I have done battle with the binding machine and submitted the hard copies of my dissertation. It is well and truly done.
I have already visited a few blogs and have plans to visit many more – I have missed the fun of sharing this great hobby with other enthusiasts. I have lots of plans, plenty of photographic projects in the pipeline. But I also want to share some of the photos I took during our holiday to the Channel Islands this year. This is Fort Grey, on Guernsey’s West coast. Inside, there is a fascinating shipwreck museum which I heartily recommend. It is never easy trying to do landscape photography on a family holiday. At this location I noticed the best viewpoint of all just as we were driving away and couldn’t bring myself to ask the family to stop again while I captured it. This will have to do. Mostly it was too hazy while we were there and there weren’t enough clouds to make interesting sunsets, but this evening was an exception.
Last post I showed some of the World War 2 fortifications on Jersey. Jersey, one of the Channel Islands, sits close to the French Coast but has for centuries been loyal to the English crown. It is not surprising then that the coast has plenty of other, older defences.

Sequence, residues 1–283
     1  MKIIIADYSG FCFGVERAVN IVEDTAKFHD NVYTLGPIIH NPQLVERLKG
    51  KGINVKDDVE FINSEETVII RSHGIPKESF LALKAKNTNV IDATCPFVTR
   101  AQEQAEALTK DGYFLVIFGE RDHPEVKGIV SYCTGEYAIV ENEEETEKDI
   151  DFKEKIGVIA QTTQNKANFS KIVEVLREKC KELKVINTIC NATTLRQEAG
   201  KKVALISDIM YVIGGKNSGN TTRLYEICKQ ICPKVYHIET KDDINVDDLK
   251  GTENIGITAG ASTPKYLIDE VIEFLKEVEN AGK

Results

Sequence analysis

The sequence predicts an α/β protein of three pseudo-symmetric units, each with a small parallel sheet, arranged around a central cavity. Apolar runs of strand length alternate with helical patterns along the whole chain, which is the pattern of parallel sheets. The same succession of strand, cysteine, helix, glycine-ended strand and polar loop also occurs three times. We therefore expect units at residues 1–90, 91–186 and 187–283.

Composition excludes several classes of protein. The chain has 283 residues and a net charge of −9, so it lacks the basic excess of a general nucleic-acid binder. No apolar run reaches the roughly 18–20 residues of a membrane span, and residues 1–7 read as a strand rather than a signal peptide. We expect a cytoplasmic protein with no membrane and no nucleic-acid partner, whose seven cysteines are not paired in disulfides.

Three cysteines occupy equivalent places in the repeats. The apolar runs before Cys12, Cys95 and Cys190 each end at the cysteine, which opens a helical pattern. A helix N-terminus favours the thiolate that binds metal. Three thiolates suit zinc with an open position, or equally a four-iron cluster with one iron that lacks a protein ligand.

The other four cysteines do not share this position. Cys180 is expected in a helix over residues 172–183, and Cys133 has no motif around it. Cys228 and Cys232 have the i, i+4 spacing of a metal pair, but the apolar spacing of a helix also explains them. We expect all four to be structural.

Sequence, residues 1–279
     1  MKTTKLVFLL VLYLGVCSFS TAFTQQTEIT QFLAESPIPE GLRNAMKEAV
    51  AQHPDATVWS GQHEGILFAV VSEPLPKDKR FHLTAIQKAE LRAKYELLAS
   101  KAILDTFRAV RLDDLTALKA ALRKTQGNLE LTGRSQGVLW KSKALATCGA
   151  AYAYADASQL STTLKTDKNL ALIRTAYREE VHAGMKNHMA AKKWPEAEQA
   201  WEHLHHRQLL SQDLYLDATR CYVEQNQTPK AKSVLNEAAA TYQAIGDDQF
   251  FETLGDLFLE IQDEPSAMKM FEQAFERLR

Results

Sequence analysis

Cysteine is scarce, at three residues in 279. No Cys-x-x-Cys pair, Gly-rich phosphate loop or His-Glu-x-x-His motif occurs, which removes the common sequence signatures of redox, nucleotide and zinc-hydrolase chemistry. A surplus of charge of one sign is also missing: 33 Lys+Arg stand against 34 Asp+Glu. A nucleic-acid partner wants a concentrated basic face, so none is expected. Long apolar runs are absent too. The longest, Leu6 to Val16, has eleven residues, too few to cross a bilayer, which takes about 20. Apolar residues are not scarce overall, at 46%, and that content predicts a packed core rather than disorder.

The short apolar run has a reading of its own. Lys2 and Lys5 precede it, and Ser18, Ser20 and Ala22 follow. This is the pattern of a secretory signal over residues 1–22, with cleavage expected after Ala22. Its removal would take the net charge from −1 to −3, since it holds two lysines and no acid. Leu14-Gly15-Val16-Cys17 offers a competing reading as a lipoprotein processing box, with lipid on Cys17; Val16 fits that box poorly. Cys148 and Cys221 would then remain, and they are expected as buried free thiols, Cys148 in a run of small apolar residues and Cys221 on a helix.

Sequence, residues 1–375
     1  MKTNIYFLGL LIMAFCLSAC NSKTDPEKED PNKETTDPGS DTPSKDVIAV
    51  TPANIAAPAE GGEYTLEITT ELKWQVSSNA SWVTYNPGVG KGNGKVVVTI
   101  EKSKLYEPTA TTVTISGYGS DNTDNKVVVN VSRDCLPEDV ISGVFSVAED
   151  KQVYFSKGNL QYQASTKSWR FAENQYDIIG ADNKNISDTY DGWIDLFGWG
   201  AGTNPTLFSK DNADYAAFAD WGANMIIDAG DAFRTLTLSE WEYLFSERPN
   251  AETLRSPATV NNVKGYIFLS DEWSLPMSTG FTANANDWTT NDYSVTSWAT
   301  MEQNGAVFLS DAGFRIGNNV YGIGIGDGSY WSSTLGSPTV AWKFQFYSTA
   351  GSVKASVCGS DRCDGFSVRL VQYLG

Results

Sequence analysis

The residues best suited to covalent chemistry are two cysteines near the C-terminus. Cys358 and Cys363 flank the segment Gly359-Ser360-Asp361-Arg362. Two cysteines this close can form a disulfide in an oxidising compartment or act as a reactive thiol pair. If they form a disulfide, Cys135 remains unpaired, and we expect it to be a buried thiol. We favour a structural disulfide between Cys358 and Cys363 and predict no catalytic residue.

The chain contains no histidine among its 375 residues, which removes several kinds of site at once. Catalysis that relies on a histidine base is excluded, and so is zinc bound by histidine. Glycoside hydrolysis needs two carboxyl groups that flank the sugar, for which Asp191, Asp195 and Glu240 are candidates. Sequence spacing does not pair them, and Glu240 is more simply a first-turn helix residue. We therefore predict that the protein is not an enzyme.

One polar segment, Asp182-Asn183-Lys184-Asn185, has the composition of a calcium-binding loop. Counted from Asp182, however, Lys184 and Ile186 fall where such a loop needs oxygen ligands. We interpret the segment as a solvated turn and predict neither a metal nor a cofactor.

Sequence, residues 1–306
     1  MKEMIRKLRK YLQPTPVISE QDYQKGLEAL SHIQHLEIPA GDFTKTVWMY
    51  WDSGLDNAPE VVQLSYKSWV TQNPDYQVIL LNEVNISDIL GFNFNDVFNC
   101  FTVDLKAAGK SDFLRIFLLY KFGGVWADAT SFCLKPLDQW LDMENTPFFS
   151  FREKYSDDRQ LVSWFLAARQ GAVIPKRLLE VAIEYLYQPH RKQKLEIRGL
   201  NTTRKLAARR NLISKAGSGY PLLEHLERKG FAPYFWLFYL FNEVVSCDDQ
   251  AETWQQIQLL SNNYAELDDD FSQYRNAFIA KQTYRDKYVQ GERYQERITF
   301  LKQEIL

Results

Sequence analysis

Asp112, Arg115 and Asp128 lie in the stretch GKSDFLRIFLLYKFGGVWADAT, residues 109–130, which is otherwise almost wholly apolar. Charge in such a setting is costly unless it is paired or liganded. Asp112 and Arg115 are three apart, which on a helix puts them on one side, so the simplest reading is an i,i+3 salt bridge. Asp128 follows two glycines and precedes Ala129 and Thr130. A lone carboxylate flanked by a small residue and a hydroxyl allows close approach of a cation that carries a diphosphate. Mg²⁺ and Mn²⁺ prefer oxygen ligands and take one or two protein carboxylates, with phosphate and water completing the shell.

The North coast is craggy and rugged but the bays of the South, East and West coasts were very accessible to invaders. During the Napoleonic wars, a series of towers was built around the island.
General Conway, Governor of the Island, planned for thirty towers to protect the coast from the threat of French invasions. La Rocco on St. Ouen’s Beach was the twenty third to be built, in 1795-6.
It makes an attractive landmark, standing sentinel over the five miles of sand that make St. Ouen’s Bay.
What a wonderful setting for a spot of sunset kite surfing!
But you have to admit that as a silhouette it looks a little like a submarine.